Director of MIT’s Media Lab Resigns over Money Ties

10 September, 2019

Some famous universities are dealing with reports about their financial ties to businessman and convicted sex offender Jeffrey Epstein.

The president of the Massachusetts Institute of Technology, MIT, has ordered an independent investigation into financing of MIT's Media Lab. The order comes after the head of the laboratory resigned over its ties to Epstein.

Separately, other universities that accepted his money say they have no plans to return the donations.

The issue of questionable donations has sent shockwaves through the world of education. It shows the problems educators face as they decide whether to accept money from people accused of wrongdoing.

FILE PHOTO: U.S. financier Jeffrey Epstein appears in a photograph taken for the New York State Division of Criminal Justice Services' sex offender registry March 28, 2017 and obtained by Reuters July 10, 2019.
FILE PHOTO: U.S. financier Jeffrey Epstein appears in a photograph taken for the New York State Division of Criminal Justice Services' sex offender registry March 28, 2017 and obtained by Reuters July 10, 2019.

Jeffrey Epstein was a wealth manager who was seen with the rich, famous and powerful people. He owned a private island in the Caribbean, homes in Paris and New York City and a New Mexico farm.

Epstein was arrested in July on federal sex-trafficking charges. His arrest brought new attention to old claims that he had sexually abused women and girls. He killed himself in jail last month while awaiting his trial.

For three years, Joi Ito served as director of the MIT Media Lab. He resigned from both the lab and from his position as a professor, the school's president announced on Saturday.

The resignation came a day after The New Yorker reported that the media lab had a bigger fundraising relationship with Epstein than it had admitted earlier. The magazine also said the media lab tried to cover up the nature of the relationship.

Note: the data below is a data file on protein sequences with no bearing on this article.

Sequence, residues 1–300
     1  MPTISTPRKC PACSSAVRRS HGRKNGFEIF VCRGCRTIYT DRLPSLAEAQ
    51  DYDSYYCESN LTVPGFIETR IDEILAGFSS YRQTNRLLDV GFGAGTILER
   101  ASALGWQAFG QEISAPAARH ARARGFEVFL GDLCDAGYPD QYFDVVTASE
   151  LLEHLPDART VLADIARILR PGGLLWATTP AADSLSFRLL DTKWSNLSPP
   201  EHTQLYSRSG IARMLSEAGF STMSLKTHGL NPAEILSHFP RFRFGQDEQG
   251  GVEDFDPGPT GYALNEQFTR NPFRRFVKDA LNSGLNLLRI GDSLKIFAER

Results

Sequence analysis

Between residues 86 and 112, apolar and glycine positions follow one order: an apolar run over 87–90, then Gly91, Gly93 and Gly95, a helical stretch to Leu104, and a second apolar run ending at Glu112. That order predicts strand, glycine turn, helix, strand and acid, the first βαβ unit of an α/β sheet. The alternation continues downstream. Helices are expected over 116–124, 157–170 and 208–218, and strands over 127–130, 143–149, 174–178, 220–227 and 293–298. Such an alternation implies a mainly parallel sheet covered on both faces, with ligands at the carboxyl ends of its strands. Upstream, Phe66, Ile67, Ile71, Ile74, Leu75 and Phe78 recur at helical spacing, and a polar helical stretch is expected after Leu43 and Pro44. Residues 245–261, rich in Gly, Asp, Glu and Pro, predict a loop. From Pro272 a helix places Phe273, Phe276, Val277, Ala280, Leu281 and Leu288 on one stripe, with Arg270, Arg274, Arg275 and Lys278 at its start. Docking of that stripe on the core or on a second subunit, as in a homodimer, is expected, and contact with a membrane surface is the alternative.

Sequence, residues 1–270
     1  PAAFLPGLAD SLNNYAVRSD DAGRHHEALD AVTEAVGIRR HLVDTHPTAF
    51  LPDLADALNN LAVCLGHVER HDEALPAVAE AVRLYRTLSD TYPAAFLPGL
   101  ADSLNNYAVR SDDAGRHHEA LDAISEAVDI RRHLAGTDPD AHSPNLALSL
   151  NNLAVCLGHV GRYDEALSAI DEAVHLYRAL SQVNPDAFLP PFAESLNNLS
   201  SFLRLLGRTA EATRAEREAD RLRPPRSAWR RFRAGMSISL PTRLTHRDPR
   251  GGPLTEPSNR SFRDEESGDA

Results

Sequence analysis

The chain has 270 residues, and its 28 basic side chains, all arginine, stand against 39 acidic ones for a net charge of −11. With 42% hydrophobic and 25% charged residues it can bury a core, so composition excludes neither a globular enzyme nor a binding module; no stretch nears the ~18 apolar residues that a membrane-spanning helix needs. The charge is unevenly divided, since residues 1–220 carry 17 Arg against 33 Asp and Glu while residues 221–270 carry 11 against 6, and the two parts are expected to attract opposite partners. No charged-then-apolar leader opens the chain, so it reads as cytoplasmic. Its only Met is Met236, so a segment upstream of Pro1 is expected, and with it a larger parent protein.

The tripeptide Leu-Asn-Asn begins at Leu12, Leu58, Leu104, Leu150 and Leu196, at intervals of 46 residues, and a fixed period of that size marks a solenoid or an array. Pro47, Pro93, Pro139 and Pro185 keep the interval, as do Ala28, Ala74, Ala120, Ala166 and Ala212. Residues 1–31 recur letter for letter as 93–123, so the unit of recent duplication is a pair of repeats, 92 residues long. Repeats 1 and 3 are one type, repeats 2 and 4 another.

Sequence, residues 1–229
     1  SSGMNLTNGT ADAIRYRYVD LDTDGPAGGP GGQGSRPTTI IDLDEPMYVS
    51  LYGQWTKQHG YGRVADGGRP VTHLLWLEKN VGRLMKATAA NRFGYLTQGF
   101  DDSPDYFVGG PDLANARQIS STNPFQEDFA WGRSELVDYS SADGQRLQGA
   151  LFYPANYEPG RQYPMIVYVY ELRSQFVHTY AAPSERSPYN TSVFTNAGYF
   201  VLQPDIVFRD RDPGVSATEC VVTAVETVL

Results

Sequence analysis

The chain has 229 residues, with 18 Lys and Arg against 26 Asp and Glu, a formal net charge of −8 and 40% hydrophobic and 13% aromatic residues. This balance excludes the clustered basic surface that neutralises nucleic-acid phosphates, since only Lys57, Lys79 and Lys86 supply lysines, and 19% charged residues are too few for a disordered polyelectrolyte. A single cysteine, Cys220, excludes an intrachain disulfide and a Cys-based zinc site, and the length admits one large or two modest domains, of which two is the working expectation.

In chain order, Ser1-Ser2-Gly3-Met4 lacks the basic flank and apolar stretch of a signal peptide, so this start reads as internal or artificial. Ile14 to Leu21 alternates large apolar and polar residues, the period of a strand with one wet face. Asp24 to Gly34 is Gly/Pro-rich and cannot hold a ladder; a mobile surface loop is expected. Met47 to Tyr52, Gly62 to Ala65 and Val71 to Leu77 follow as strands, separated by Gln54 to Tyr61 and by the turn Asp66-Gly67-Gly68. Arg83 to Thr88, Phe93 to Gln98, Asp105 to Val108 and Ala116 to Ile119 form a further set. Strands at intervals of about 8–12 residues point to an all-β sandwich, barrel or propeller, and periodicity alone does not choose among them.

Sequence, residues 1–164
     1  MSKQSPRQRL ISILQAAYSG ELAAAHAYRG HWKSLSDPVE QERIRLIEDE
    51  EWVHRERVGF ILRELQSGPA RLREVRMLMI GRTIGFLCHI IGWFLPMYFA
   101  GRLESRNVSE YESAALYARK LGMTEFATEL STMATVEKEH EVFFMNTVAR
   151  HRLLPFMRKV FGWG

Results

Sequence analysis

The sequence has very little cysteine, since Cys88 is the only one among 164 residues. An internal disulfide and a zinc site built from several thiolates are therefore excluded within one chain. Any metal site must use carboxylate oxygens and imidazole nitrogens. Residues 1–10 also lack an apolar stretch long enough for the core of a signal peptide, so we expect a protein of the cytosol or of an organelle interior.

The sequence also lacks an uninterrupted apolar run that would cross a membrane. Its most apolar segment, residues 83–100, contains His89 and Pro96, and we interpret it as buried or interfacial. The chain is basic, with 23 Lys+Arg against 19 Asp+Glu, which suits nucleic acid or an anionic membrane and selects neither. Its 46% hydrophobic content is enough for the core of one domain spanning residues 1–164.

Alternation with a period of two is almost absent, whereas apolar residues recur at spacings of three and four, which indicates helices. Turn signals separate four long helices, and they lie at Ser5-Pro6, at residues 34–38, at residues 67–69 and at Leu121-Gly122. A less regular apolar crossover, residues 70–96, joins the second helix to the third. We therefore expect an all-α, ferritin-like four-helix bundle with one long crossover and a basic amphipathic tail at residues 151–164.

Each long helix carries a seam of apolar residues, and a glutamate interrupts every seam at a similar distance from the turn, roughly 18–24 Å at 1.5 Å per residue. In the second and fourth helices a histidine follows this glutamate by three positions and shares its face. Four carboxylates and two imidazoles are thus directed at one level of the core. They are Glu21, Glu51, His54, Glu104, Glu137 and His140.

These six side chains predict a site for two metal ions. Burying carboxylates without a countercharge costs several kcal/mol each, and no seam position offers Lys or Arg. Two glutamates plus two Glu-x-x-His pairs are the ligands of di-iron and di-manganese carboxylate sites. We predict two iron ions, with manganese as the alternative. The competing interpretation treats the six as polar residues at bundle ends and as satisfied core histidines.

In Rhode Island, Brown University announced on Monday that it has placed Peter Cohen, a fundraising director, on leave. This followed a report that Cohen helped cover up Epstein's connections when he was working at the MIT Lab.

A Brown spokesman also said the university did not receive donations from Jeffrey Epstein.

Epstein University Donations

MIT was not the only school to receive money from the businessman over the years. He donated tens of millions of dollars to Harvard University and other causes. It made him popular with some professors and scientists. Yet he himself never finished college.

Harvard says it already spent $6.5 million that Epstein donated in 2003. That was before he admitted in court to soliciting a minor for prostitution. The University of Arizona and the University of British Columbia in Canada have said they are not returning the tens of thousands of dollars they received years ago. They said the money came from charitable groups Epstein operated, and they did not know the connection to him at the time.

Ohio State University has not said what will come of the money it received from Epstein, including the $2.5 million he donated in 2007.

MIT Media Lab connection

In a letter on Saturday, MIT President Rafael Reif called the claims in The New Yorker "deeply disturbing." He said the university is asking lawyers to investigate.

Last month, Reif reported that MIT accepted about $800,000 from Epstein over 20 years.

The New Yorker reports that the businessman helped to arrange at least $7.5 million in donations. That includes $2 million from Microsoft founder Bill Gates and $5.5 million from investor Leon Black.

MIT listed Epstein as "disqualified' in its donor database. However, the Media Lab continued taking gifts from him and marked his donations as anonymous, The New Yorker reported.

Last week, Ito said that Epstein gave him $525,000 for the Media Lab and another $1.2 million for his own investment funds.

Epstein's arrest on July 6 fueled national attention in his case. Many people criticized the 2008 deal that enabled him to avoid more serious federal charges.

Critics question why university professors and other officials would take money from someone like Epstein.

"Like politicians, higher education leaders are addicted to money from big donors," wrote Larry Edelman in The Boston Globe. "New labs, dorms, and performing arts centers aren't cheap."

I'm Anne Ball.

Anne Ball wrote this story with information from the Associated Press. George Grow was the editor.

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Words in This Story

convict - v. to be found guilty of a crime in a court of law

fundraising – n. the organized activity of raising funds (as for an institution or political cause) —often used before another noun

solicit – v. to ask for (something, such as money or help) from people, companies

prostitution – n. the work of a prostitute : the act of having sex in exchange for money

disturb – v. to worry or upset (someone)

arrange – v. to organize the details of something before it happens : to plan (something)

disqualify – v. to stop or prevent (someone) from doing, having, or being a part of something

anonymous – adj. not named or identified

dorm – n. informal of dormitory (a building on a school campus that has rooms where students can live)

cheap – adj. not costing a lot of money